Category Archives: Podcasts

My Anti-Racist Education

I am a Learner. That’s why I became a teacher (and also because I loved spending my days in the hopeful and inspiring world of young people). So in trying to deal with the horrific events of the last few weeks, I realized that I have so much to learn. So I am beginning an important undertaking:  I am now focusing on educating myself on how to become Anti-Racist.

“In a racist society it is not enough to be non-racist, we must be anti-racist.”
Angela Y. Davis

“The opposite of racist isn’t ‘not racist.’ It is ‘anti-racist.’ What’s the difference? One endorses either the idea of a racial hierarchy as a racist, or racial equality as an anti-racist. One either believes problems are rooted in groups of people, as a racist, or locates the roots of problems in power and policies, as an anti-racist. One either allows racial inequities to persevere, as a racist, or confronts racial inequities, as an anti-racist. There is no in-between safe space of ‘not racist.”
Ibram X. Kendi, How to Be an Antiracist

And one of the most hopeful things I’ve discovered in making this commitment to become anti-racist is that so many other people are doing the same thing! I took the photo above just this morning when I got on the library website to look for some e-books to add to my growing list of books to read on this subject. Every. single. book. has a waiting list of weeks and weeks! My heart soared with HOPE to see that there are so many other Learners out there!

On this page, I will keep a list with links to my reviews of books and other resources that I’ve found and appreciated, so please come back here occasionally to see this self-education journey.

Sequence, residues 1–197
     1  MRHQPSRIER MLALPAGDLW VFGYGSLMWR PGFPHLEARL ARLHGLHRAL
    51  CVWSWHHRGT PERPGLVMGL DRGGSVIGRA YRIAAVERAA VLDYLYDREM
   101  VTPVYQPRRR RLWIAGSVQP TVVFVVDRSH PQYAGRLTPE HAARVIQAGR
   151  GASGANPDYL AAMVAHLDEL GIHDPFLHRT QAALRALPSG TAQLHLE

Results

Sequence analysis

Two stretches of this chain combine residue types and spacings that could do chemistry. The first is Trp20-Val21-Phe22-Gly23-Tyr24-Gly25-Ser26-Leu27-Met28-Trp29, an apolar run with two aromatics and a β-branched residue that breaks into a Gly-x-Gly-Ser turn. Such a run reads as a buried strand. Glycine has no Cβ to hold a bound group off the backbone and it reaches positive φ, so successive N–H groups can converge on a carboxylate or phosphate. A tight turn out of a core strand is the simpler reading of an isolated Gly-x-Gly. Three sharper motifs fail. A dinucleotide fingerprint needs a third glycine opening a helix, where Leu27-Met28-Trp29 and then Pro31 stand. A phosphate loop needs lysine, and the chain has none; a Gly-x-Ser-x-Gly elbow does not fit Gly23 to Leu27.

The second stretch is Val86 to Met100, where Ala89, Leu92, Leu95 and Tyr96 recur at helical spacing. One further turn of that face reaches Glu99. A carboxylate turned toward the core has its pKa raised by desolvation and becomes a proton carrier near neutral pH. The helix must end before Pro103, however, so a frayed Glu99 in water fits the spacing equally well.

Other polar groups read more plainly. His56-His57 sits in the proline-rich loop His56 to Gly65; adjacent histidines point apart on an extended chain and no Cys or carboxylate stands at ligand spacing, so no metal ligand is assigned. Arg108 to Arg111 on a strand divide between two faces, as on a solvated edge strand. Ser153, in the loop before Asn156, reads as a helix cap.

BOOKS READ AND REVIEWED:

  1. Their Eyes Were Watching God, by Zora Neale Hurston
  2. Dream Big Dreams: Photographs from Barack Obama’s Inspiring and Historical Presidency, by Pete Souza
  3. They Call Us Enemy, by George Takei
  4. Why I’m No Longer Talking To White People About Race, by Reni Eddo-Lodge
  5. We Should All Be Feminists, by Chimamanda Ngozi Adichie
  6. Dear Ijeawele: or a Feminist Manifesto in Fifteen Suggestions, by Chimamanda Ngozi Adichie
  7. Becoming, by Michelle Obama

READ BUT NOT REVIEWED (yet):

  • Born a Crime, by Trevor Noah
  • The Color Purple, by Alice Walker
  • I Know Why the Caged Bird Sings, by Maya Angelou
  • Barracoon, by Zora Neale Hurston
  • Beloved, Toni Morrison
  • Kindred, by Octavia Butler

CHILDREN’S BOOKS ABOUT THE BLACK EXPERIENCE AND DIVERSITY:


PODCASTS
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The Writer’s Almanac

One of the nicest things I’ve discovered recently is The Writer’s Almanac, with Garrison Keillor, a daily podcast of literary and historical notes, and the reading of a poem. It is an utterly delightful 5 minutes in my day and a wonderful antidote to all the ugly and negative news events that inundate us these days.

“Be well, do good work, and keep in touch.”
~ Garrison Keiller